It’s important to note how few people really had a big picture of the Manhattan Project. People worked in relative isolation. Everyone had a job, but few knew what people next door, or down the road, let alone across the country were doing.
And yet, within a few weeks of arriving at Oak Ridge, Laurence knew more than almost anyone else in the country about the Manhattan Project. Later, Laurence joked that he knew so much that Gen. Groves had the option of either keeping him on the payroll or shooting him.
With all this knowledge inside his head and in the secure privacy of his workspace, Laurence was prolific. He wrote tens of thousands of words about nuclear developments. All of his articles went into the TOP SECRET vaults.
In July 1945, Laurence was invited to a remote site in the high desert of New Mexico, southeast of Albuquerque. Late one night, (July 16 to be exact) he stood next to physicist Richard Feynman. Both men wore heavy, dark glasses. As they stared out, the sky suddenly lit up. It was the Trinity Test, the world's first nuclear detonation.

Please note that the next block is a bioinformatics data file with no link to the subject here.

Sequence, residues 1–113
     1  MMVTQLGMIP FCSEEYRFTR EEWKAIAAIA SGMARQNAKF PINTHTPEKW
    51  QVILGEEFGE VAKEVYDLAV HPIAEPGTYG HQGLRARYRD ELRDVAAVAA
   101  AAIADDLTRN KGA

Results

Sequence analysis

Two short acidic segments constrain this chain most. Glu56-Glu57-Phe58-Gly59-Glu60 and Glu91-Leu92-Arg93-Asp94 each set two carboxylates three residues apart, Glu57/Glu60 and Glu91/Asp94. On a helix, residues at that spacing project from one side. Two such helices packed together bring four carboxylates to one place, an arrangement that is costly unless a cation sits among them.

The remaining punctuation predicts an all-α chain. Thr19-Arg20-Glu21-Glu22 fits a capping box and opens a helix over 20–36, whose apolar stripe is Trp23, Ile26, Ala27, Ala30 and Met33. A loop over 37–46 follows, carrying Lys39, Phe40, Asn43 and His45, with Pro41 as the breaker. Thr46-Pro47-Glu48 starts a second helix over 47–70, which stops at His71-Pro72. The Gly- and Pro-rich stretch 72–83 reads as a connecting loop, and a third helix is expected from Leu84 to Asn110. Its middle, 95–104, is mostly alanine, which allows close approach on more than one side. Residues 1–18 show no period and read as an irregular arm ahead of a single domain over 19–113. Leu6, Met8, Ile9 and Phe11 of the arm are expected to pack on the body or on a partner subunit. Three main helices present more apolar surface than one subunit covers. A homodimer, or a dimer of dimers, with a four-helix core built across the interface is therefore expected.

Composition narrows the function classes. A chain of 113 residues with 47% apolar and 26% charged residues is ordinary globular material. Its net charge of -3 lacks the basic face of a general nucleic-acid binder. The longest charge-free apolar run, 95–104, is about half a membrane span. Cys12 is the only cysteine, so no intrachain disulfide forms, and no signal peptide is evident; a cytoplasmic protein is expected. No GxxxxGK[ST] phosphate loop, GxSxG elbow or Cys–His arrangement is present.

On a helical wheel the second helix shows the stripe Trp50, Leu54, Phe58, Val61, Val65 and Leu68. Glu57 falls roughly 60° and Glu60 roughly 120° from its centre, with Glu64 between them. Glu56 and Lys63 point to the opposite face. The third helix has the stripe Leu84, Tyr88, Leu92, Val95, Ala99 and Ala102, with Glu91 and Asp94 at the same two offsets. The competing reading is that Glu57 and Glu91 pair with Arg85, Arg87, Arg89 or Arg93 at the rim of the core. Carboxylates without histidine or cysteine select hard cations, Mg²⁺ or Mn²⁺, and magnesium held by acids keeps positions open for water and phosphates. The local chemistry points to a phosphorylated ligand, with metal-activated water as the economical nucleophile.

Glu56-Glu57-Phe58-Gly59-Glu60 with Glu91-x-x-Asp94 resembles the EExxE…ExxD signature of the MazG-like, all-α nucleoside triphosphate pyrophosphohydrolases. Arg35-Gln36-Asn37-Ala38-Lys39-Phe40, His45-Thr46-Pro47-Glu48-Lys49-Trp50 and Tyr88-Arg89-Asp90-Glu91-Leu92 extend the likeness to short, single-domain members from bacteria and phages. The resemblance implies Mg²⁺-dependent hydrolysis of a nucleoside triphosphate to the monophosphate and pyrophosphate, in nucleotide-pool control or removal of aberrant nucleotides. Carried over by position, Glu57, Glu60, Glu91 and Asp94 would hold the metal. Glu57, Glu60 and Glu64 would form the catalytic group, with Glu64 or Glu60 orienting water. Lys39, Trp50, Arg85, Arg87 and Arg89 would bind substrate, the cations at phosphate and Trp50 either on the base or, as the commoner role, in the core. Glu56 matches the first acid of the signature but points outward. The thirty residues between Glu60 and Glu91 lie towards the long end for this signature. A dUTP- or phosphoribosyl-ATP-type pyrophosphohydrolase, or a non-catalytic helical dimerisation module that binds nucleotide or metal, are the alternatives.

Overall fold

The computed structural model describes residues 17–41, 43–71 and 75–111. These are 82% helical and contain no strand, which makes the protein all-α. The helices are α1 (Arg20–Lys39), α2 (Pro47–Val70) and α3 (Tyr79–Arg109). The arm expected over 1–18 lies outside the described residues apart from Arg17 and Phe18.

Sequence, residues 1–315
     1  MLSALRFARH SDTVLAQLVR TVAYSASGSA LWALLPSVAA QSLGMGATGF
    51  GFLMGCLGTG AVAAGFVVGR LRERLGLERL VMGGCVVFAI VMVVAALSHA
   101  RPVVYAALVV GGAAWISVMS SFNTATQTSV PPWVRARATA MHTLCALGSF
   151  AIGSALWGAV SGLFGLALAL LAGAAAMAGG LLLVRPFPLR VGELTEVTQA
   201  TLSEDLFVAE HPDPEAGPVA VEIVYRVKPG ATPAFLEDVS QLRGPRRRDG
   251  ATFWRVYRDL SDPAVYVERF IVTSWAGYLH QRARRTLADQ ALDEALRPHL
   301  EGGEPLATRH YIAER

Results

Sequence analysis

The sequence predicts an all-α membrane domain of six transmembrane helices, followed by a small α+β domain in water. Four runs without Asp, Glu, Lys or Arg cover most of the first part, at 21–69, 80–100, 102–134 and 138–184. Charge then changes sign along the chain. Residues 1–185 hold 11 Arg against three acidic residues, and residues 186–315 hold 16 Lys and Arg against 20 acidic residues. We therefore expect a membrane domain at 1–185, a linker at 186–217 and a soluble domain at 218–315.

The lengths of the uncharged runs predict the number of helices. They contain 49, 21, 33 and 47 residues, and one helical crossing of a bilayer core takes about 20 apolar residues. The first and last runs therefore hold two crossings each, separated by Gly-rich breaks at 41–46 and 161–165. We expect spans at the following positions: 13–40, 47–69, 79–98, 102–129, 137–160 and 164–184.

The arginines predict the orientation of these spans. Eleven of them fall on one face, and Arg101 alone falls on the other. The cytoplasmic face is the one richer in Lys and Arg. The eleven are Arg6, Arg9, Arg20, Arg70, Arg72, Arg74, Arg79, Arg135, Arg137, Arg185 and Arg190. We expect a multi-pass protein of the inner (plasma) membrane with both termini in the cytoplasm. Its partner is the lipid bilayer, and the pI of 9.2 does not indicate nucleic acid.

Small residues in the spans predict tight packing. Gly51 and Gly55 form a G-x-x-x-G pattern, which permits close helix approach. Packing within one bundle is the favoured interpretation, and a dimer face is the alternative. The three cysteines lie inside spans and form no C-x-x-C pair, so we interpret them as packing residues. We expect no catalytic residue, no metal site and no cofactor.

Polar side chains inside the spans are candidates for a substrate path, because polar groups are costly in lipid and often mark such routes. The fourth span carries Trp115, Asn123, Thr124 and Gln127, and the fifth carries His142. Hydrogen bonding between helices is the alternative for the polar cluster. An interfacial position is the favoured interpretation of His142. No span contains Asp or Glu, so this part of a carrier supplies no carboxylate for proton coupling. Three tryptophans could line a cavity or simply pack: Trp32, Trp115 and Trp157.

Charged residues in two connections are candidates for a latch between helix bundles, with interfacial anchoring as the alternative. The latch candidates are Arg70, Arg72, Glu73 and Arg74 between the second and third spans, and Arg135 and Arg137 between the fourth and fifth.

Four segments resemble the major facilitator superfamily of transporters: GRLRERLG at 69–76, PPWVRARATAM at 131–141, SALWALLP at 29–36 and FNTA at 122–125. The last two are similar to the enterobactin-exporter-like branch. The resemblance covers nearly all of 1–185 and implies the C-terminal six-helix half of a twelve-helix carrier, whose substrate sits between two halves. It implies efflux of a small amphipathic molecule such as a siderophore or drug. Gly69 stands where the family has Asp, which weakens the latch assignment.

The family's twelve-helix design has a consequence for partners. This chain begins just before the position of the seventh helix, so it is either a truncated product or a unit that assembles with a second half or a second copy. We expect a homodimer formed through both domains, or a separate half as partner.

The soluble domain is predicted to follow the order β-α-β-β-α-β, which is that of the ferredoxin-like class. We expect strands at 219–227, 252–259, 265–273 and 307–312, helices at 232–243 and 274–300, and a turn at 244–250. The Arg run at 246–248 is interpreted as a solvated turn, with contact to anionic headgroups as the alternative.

Laurence described the Trinity explosion as "the first cry of a new-born world." He wrote about it and his series of news articles on Trinity went into that TOP SECRET vault.
A few days later, Gen. Groves asked Laurence for something quite extraordinary. Would the Times reporter write a series of statements for Pres. Harry Truman?
The setup was that U.S. forces were about to drop an atom bomb on Japan. And no one really knew what might happen. Indeed, one of the most senior members of the national security staff, Navy Adm. William Leahy, was of the opinion that the atom bomb would never work operationally. (It was one of Leahy’s very few bad calls across an otherwise brilliant career.)